posted by rfs at 7:06 PM on September 15, 2015

I was 25 and my husband and I moved from San Diego to Los Angeles that year and we both got our first full-ime jobs in a long while.

We bought our first MacIntosh computer in late 1985. We brought it home from the store and couldn't get it to work until I remembered that it needed a "mouse". We drove back to the store and asked for it, and then it worked. My husband joined a Mac Club at work to hang out with other people who had them. He would call someone up and coordinate times to dial up with the modem to send messages back and forth, and I asked, "If you have to call them anyway to get this to work, what's the point?" He ignored me.

I used it to do the church books on Excel. "apple = " would make it calculate, which I did only at intervals because it took forever. Some operations involved doing the Macintosh shuffle: inserting and removing certain floppy discs in order to get the thing done, save the spreadsheet or whatever. Very time consuming, but so powerful. Before that, the treasurer's books were on paper. No internal storage at all, All programs, all data was on 4" floppy discs.

We got our first wireless phone around that time. (We might have been luddites in this department, I can't remember.) We could walk around the apartment and talk without having to drag a cord around. It was still a one-jack, one-phone system though. (Now we have one jack that supports handsets scattered throughout the house.)

I remember the microwave as being pretty standard at that point though, or maybe that is when we bought one. We definitely had one by '86.

We got a new stereo that Christmas, turntable and cassette deck, so nice. A friend of ours had recently invested in laser discs--they looked like record sized CDs. CDs were just coming out I think and things hadn't standardized yet.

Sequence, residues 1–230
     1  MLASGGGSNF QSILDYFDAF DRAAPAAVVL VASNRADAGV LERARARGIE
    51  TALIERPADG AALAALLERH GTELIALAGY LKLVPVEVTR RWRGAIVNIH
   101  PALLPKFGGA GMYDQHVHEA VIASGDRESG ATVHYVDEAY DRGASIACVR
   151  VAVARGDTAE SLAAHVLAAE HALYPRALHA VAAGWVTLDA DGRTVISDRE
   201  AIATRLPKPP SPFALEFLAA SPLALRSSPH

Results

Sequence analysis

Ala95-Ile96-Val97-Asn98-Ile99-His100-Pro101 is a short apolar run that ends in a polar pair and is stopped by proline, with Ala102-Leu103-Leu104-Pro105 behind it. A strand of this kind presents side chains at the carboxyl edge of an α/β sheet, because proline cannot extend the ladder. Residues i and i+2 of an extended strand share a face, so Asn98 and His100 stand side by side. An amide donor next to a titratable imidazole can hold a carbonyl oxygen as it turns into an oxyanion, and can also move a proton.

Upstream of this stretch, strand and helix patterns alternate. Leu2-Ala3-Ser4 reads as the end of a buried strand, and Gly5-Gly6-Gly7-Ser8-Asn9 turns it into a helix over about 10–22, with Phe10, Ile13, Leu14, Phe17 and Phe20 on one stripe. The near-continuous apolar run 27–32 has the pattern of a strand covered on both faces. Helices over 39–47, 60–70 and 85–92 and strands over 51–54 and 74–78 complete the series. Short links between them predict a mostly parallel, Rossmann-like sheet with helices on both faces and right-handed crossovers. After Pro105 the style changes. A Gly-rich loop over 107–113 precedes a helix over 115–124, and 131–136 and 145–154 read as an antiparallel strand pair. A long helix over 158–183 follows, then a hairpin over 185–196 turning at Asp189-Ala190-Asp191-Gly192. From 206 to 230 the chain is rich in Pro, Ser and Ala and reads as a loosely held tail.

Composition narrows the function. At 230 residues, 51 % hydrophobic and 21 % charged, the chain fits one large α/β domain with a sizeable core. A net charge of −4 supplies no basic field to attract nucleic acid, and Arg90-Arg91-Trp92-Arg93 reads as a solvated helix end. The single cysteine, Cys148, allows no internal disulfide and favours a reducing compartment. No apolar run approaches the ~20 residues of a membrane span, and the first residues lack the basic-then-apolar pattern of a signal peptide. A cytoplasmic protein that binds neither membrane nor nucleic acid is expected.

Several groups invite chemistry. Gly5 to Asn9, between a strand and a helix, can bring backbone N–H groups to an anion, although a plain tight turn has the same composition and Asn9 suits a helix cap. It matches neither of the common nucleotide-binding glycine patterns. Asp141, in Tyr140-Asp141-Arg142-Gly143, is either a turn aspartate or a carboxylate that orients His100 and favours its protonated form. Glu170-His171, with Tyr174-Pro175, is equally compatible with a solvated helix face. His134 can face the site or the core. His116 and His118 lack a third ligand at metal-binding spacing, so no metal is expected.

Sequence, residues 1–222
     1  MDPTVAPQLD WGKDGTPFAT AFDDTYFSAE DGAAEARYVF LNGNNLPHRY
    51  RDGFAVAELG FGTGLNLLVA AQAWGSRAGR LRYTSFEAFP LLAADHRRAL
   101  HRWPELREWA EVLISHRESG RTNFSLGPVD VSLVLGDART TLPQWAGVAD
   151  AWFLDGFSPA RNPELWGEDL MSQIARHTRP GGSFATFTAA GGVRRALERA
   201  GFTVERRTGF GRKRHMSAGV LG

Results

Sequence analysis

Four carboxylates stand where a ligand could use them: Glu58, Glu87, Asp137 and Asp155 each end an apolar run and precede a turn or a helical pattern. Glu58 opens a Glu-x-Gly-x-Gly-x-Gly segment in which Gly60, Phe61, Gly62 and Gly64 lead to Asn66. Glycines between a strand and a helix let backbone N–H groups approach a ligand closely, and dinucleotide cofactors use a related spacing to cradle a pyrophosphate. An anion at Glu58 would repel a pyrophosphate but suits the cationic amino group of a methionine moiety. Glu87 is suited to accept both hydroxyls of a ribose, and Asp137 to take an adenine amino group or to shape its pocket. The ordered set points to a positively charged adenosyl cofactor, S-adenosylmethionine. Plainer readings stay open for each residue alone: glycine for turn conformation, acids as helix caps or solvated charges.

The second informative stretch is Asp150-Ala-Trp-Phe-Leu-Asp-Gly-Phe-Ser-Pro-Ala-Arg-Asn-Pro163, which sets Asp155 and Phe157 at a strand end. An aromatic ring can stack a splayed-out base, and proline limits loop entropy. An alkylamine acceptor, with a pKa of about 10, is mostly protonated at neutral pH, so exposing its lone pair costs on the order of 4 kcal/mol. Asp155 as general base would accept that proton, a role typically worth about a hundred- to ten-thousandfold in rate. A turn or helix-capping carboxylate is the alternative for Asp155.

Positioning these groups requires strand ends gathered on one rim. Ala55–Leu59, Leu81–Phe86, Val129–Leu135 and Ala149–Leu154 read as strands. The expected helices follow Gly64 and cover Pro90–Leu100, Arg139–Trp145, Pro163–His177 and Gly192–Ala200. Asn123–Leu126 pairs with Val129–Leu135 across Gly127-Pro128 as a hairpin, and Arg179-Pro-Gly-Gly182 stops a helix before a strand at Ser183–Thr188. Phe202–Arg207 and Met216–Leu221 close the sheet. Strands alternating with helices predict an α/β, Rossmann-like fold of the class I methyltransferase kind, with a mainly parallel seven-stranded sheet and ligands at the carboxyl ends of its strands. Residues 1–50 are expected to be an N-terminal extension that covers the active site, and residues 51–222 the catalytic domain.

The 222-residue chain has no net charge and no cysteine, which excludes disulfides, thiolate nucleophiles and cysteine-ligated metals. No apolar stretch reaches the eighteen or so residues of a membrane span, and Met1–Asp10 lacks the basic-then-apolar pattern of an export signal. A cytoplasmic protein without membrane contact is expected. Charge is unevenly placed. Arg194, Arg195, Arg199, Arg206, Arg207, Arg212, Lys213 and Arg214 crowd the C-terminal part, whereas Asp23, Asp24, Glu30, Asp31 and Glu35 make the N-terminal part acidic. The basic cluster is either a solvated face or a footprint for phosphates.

I worked nights in a hospital. At break times the lounge was full of cigarette smoke. Smoking in the hospital was not banned for severl more years.

We bought a new Camry in 1985. It was just the second or third year or production and they were smaller and boxier than they are now, not the luxurious car that is made now. Great steady ride. I had it for 18 years, until some scum stole it and stripped it for parts for his Camry. In 1986 the third brake light became mandatory in California. You can always tell pre-'86 car by that. They are infrequent now.

Happy Birthday!
posted by SLC Mom at 7:12 PM on September 15, 2015 [3 favorites]

TV commercials were not ironic, edgy, absurdist, or (intentionally) creepy and awkward the way they are now-- they mostly just promoted the product, often with high enthusiasm and a jingle that would implant itself into your subconscious for eternity.
posted by kapers at 7:17 PM on September 15, 2015 [1 favorite]

New Englanders will probably remember -- Hurricane Gloria was just about to form and would plow across the entire East Coast in the following couple of weeks.
posted by sesquipedalia at 7:42 PM on September 15, 2015 [2 favorites]

The Dukes of Hazard was very popular. My son had a Dukes of Hazard big wheel.

Very preppy clothes were in style...think Princess Di with ruffled colors, bows at the neck, etc. a lot of influence from her fashion style, and even the wedding still. Big poufy wedding dresses. Spiral perms and crimped hair. Short, ankle-length and high waisted jeans.